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Lucky in Hoboken

Posted by Ilise Benun on

I was lucky to be traveling on the other side of the country when Superstorm Sandy hit last week. And especially lucky to not have any flooding in the part of Hoboken where I live, relatively high ground, considering much of the town is below sea level.

But I did have animals that needed care (and medication) and my neighbors stepped in to be sure that they were well cared for and not too lonely.

I spent the week at the HOW Interactive Design Conference, alternately
listening to speakers on responsive web design and jquery, while taking
short breaks back in my room to watch CNN and the horrifying images of flooded Hoboken and Mayor Dawn Zimmer doing everything she could to get help to those who needed it most — and there were (and are still) many.

I was supposed to leave SF to return to Hoboken 2 days after the storm, but by then most flights had been cancelled (19,000 I heard) and I couldn’t get a flight back until Saturday morning. The kind folks at F&W/HOW extended my stay in San Francisco and I essentially worked from there, talking to clients all over the country via Skype and cell phone. (Glad I moved most everything to the cloud and bought those extra minutes recently.)

By Friday, there was still no power on my block in Hoboken so there was no reason to go back. All my neighbors were texting me, “Don’t come back. You’re not missing anything. Stay away til things return to normal.”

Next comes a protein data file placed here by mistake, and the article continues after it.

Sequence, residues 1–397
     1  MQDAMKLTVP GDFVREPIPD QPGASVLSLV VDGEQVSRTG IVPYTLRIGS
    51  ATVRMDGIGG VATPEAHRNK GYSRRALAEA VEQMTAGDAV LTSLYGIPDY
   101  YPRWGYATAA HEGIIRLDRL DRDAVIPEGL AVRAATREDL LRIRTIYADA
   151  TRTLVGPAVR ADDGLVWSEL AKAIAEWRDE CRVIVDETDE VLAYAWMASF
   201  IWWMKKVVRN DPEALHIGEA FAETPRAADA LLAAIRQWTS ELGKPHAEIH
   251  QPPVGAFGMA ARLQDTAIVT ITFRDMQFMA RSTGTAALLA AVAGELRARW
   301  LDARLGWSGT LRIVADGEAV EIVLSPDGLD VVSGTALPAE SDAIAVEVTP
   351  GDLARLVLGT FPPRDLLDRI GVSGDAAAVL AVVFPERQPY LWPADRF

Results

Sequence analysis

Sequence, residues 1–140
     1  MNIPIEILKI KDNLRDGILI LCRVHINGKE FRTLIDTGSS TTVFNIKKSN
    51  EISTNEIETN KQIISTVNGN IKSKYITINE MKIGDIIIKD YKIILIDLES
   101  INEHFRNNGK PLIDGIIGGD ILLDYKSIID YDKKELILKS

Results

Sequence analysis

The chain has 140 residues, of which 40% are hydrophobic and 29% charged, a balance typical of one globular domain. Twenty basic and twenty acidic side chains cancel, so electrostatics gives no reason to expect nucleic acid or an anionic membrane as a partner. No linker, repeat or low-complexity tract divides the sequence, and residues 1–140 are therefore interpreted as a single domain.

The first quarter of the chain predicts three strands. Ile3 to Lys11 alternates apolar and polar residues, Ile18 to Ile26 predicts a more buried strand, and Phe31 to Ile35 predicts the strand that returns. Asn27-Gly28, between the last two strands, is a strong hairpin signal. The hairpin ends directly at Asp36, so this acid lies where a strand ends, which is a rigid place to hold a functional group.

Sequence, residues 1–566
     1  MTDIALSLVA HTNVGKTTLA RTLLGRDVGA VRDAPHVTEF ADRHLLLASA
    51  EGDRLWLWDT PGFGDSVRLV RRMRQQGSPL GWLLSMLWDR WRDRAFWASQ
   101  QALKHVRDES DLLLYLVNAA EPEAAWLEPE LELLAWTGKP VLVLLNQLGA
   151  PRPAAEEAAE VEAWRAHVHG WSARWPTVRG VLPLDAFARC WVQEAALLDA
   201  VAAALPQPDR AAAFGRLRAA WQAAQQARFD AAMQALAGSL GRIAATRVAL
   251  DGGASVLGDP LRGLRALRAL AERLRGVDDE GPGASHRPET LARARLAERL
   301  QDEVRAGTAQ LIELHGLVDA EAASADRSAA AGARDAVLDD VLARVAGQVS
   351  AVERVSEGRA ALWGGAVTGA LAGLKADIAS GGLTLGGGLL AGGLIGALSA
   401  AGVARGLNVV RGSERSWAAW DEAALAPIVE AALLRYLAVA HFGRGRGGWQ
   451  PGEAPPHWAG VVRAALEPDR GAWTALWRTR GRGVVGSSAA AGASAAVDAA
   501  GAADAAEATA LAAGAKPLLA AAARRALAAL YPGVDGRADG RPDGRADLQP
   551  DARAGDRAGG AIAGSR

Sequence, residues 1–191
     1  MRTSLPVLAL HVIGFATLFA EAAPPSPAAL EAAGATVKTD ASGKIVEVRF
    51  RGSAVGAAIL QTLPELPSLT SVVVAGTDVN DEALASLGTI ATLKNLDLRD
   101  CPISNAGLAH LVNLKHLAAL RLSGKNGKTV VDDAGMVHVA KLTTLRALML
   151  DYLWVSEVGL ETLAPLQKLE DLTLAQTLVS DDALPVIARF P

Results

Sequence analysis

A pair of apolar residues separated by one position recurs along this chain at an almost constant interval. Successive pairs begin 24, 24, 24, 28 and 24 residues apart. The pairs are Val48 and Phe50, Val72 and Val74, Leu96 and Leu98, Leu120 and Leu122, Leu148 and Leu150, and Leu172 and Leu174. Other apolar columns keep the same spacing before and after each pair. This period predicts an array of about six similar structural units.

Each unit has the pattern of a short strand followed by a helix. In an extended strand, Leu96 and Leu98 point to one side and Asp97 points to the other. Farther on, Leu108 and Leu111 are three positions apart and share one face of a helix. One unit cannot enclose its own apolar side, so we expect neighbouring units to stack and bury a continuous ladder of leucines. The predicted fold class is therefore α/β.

I reviewed my options and decided to go directly to Toronto, where I was planning to go the following Wednesday anyway, for speaking gigs on "Best Practices for Proposals, Estimates and RFPs"for both IABC (read the summary of what I said here) and the RGD Ontario. (Thanks to my favorite airline, Porter Air, for waiving the change fee to get me to Toronto early.)

It wasn’t til I had already booked my flight that I realized I didn’t have my passport. Would they let me cross the border with only my driver’s license? I pleaded (though didn’t cry) but was told they make no exceptions to that rule. I had to have my passport, which was in my Hoboken apartment.

I tried Fedex and a private messenger service, but no one was guaranteeing any deliveries or pickups in Hoboken. And with the fuel shortage, I couldn’t ask a neighbor to use their precious gas for something that wasn’t life or death. That didn’t seem right, although a couple generous neighbors offered.

Finally I tried my trusty car service, Newport Limo (highly recommended if you're in NJ). I asked if they would pick up my passport and deliver it to me at the airport, just like they would if it were me going to the airport. They hesitated briefly but then agreed and didn’t even charge me extra.

Once I had the logistics in place, the only possible glitch was the timing. What if my flight was delayed and I wasn’t there to meet the driver? What if he couldn’t find me? Where would he leave it?

Well, none of that worry was necessary (it rarely is anyway). The plan went off without a hitch. My competent neighbor(thanks David!) got the goods together, handed them off and the driver found me in my red jacket without a problem. And I had plenty of time to pass through the border security.

So again, I got lucky, but there are still plenty of people who need places to stay now that the temperatures are dropping. And now there’s been another storm which has snowed in the cars in my neighborhood and hampered relief efforts.

Is this the new normal?

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